Clovis golfer gets $6,000 scholarship

Clovis native Michaela Cain pictured with Youth on Course President Bill Hammonds. (Photo courtesy of Youth on Course)

By Tomas Kassahun | Reporter

Clovis native Michaela Cain was a junior-high school student when her grandfather took her golfing for the first time. Although she struggled at first, Cain’s passion for golf was there from the very beginning.

“I’m a very competitive person. I never felt like giving up,” Cain said. “I always wanted to win. I always wanted to get better because I just don’t like being bad at things. I just wanted to be better than everyone.”

With her determination to keep getting better, Cain ended her seventh grade year with a fifth-place finish in the area tournament. She not only beat all of the girls on her team, but also tied the best eighth-grade girl from her school.

As a sophomore in high school, Cain decided that she wanted to leave her traditional school and dedicate more time to golf. So she left Clovis High School and began to attend National University Virtual High School, allowing her to get school work done while practicing golf 4-6 hours per day.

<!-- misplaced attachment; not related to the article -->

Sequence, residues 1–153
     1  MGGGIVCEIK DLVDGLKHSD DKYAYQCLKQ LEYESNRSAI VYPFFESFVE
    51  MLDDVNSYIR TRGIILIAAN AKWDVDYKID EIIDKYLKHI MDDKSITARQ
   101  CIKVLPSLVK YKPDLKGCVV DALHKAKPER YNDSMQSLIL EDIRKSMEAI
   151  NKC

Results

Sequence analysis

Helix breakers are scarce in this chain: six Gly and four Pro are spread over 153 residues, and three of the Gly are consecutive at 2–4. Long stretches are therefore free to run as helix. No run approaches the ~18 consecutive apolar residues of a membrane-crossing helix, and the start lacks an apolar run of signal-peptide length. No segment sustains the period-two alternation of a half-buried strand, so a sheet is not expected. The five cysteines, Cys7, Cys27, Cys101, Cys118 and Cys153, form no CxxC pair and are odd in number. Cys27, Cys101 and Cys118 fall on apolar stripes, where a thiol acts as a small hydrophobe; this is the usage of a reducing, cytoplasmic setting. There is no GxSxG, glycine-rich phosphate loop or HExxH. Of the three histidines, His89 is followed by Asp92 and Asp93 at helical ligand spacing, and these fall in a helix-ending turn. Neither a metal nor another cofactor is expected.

Now, Cain’s hard work on the course has led to a $6,000 scholarship by Youth on Course, a golf-based foundation.

“I know that there are not many people who got the scholarship, so I’m very thankful,” Cain said.

With her scholarship secured, Cain is eager to start golfing in the fall at Point Loma Nazarene in San Diego.

“I’m going to play in college, which I’m really looking forward to,” Cain said. “And I’m going to major in nursing, so I plan to play and get my nursing degree and maybe go to medical school from there.” 

Having played soccer for 11 years, Cain was already a hard worker before she set foot on the golf course. With golf, however, she learned to take her work ethic to yet another level.

“Golf is a different world because it’s very technical,” Cain said. “You can’t just practice two hours a day for a couple of days a week. It’s every day, six, seven hours a day.”

In addition to her grandfather, Cain credits her coach Mike Schy, who has been working with her since high school.

“My freshman year I started working [with Schy],” Cain said. “Without him, I definitely wouldn’t be where I am today. I don’t know if I would even be still playing. He taught me everything I know.”